In early 2005, PRMI made plans to sell rice under a private label brand and, at the recommendation of its customers, incorporated a different design with a girl on it ("Private Label Girl Design"). Before PRMI shipped any of the rice bearing the Private Label Girl Design, ARI sued PRMI, alleging that this design was too similar to ARI's Girl Design. On April 21, 2005, ARI and PRMI settled the lawsuit, whereby PRMI agreed not to use the proposed Private Label Girl Design or any confusingly similar versions thereof. ARI then proceeded to use its Girl With a Hat Design on its private label rice. ARI brought a lawsuit against PRMI in September 2005 for both trademark infringement and for breach of the April 2005 Settlement Agreement, alleging that the Girl with a Hat Design both created a likelihood of confusion under the Lanham Act and was confusingly similar to its Girl Design in violation of the Settlement Agreement. The district court found trademark infringement under the Lanham Act as well as a breach of the Settlement Agreement. The court awarded ARI a permanent injunction, disgorgement of PRMI's profits from 2005 in the amount of $1,256,635.00 (but later reduced that amount to $227.10), reasonable attorney's fees under Texas law for breach of the settlement agreement as well as interest and costs. The court determined that the case was not "exceptional" for purposes of awarding attorney's fees under the Lanham Act. The court further determined that under an "election of remedies" theory, ARI was only entitled to recover under either the Lanham Act theory or for breach of the settlement agreement and, as such, the court awarded only the attorney's fees and injunction available under Texas law for breach of the Settlement Agreement since it was the greater recovery of the two. Both parties appealed.In its cross-appeal, PRMI argued that the district court improperly exercised extraterritorial jurisdiction because the allegedly infringing conduct took place in Saudi Arabia. The court held that its decision in American Rice, Inc. v. Arkansas Rice Growers Cooperative Association was controlling. There, the court found it sufficient to exercise jurisdiction based on the fact that Arkansas Rice Growers ("Riceland") was an Arkansas corporation engaged in both interstate and foreign commerce and that the defendant's processing, packaging, transportation, and distribution activities took place in the U.S. Likewise, PRMI's sales in Saudi Arabia had an effect on interstate commerce based on the processing, packaging, transportation, and distribution activities which took place in the U.S. before the rice reached Saudi Arabia. The court noted that in American Rice it left open the possibility that where it would be an affront to Saudi sovereignty to exercise jurisdiction, such jurisdiction would not be exercised. In this case, since there was no such evidence of record (such as a finding by a Saudi court that there was no infringement), the court determined that jurisdiction was properly exercised.On the claim of trademark infringement, PRMI asserted that ARI did not have a protectable right in the Girl Design mark, and therefore the infringement conclusion by the district court was erroneous. In this regard, the court noted that the marks were identical images, with the only difference being the inclusion of the words "Golden Parboiled" by PRMI beneath the Girl Design. This in addition to the fanciful nature of the mark, use of the marks on identical products, sales in the same channels of trade, similarity of advertising, and evidence of intent on PRMI's part to benefit from the goodwill associated with ARI's brand were sufficient to support the district court's finding of infringement.In its appeal, ARI argued that it was erroneous for the district court to have required ARI to elect its remedy on the basis the theories of recovery were neither inconsistent nor did they allow ARI to recover twice for the same injury. The court affirmed the district court's application of the election of remedies theory under Texas law as ARI was not granted both a monetary award and attorney's fees on either a Lanham Act or contract theory, but on both the Lanham Act and contract claims. Thus, the court concluded that were it to grant both awards to ARI, it would be picking and choosing from damage elements arising under different theories, which Texas law holds as being impermissible.ARI next challenged the disgorgement of PRMI's profit for 2005 to $227.10. In calculating profits, the district court looked to the formula provided in 15 U.S.C. § 1117(a) which allows the plaintiff to recover the defendant's profits based on proof of the defendant's sales. It is then the defendant's burden to prove all elements of cost of deduction. PRMI had produced no evidence of its costs to reduce the profits award under § 1117(a), PRMI did produce evidence in the form of its tax return and testimony of its CEO which demonstrated that it made virtually no profit. However, this was largely because PRMI is a "flow-through" entity where its profits are distributed to its member farmers. The fact that the profits were already distributed did not mean that the entity did not make profits, and therefore, absent a showing of costs, ARI was entitled to the full amount of proven sales. As such, the court vacated the district court's order finding $227.10 in profits and found that an award of the $1,256.635.00 in profits for 2005 was proper.On the issue of attorney's fees, based upon the court's finding that the election of remedies theory was properly applied, the court held that the issue of whether the district court's attorney's fee award was proper was rendered moot, as the revised profits award was greater than the attorney fee award, even including fees accrued on appeal.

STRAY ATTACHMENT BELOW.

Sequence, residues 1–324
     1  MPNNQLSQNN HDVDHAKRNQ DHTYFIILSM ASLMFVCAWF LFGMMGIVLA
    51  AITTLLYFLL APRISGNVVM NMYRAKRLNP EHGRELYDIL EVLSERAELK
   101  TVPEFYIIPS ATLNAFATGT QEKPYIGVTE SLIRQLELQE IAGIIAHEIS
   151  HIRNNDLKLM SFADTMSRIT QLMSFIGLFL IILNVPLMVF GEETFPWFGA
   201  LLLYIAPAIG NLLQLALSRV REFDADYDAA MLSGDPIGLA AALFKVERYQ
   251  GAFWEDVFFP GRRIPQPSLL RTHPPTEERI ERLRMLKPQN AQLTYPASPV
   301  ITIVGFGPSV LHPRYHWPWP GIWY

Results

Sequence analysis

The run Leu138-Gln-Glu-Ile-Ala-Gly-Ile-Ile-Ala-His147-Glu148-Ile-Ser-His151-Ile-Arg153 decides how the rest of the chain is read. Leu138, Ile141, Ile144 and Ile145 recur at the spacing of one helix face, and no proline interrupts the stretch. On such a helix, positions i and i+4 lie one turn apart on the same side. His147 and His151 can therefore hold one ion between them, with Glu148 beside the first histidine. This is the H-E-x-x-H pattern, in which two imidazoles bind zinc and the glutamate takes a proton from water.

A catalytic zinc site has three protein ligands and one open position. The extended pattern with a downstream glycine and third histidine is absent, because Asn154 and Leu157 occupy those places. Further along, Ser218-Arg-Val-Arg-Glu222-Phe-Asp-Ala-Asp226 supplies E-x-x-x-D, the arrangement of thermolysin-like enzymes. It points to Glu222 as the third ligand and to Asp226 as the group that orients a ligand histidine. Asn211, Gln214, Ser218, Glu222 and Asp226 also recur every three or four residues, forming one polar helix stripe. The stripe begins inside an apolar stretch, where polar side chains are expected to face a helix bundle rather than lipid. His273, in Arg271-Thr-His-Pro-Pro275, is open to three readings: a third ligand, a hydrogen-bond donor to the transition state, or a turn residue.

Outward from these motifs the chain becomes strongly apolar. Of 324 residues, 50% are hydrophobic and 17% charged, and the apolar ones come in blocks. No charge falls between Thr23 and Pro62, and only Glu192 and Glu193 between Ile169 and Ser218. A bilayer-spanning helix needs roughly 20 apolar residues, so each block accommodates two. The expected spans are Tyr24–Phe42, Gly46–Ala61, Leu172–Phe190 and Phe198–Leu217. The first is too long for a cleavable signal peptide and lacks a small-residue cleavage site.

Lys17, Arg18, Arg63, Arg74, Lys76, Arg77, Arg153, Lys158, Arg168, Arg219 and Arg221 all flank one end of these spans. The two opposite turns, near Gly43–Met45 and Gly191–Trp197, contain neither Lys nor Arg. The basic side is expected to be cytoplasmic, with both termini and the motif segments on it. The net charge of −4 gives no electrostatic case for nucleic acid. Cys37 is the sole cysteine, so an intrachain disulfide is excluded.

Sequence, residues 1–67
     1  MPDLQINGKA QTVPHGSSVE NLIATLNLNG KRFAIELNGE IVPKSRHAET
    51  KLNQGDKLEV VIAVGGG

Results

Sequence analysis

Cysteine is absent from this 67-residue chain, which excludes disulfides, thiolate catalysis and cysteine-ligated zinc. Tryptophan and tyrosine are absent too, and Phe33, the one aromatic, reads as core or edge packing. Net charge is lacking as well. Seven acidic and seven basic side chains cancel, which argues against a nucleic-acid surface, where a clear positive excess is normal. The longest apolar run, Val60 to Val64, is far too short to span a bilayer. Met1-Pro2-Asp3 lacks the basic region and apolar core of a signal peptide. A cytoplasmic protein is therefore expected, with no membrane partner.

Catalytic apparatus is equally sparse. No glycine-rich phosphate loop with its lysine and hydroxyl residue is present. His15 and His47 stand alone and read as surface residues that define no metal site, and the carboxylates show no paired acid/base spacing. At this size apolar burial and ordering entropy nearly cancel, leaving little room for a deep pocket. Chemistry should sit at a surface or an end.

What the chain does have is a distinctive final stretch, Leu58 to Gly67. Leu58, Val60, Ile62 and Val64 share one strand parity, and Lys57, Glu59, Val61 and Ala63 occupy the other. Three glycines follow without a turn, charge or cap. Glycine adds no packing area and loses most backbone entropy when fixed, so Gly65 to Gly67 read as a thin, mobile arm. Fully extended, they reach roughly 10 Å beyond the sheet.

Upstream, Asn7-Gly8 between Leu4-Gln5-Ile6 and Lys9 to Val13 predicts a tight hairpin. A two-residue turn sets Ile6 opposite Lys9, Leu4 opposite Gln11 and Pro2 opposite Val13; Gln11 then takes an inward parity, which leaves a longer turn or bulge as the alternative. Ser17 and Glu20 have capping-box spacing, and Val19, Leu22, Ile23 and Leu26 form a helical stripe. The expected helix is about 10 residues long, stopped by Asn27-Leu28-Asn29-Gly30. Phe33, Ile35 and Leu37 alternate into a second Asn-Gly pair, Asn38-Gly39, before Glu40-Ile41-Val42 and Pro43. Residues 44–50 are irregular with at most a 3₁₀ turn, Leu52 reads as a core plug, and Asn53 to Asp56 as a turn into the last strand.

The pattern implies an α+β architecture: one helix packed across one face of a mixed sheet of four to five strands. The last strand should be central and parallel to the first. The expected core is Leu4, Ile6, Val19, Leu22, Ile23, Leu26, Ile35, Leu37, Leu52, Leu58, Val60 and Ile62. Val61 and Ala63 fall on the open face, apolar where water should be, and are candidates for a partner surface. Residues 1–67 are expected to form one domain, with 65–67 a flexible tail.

Judge Smith filed a brief dissent. In his view, the two logos were so distinct as to render the district court's likelihood of confusion finding clearly erroneous. This conclusion would defeat both the breach of contract and Lanham Act claims, and Judge Smith would therefore have reversed.

To read the full decision in Am. Rice, Inc. v. Producers Rice Mill, Inc., click here.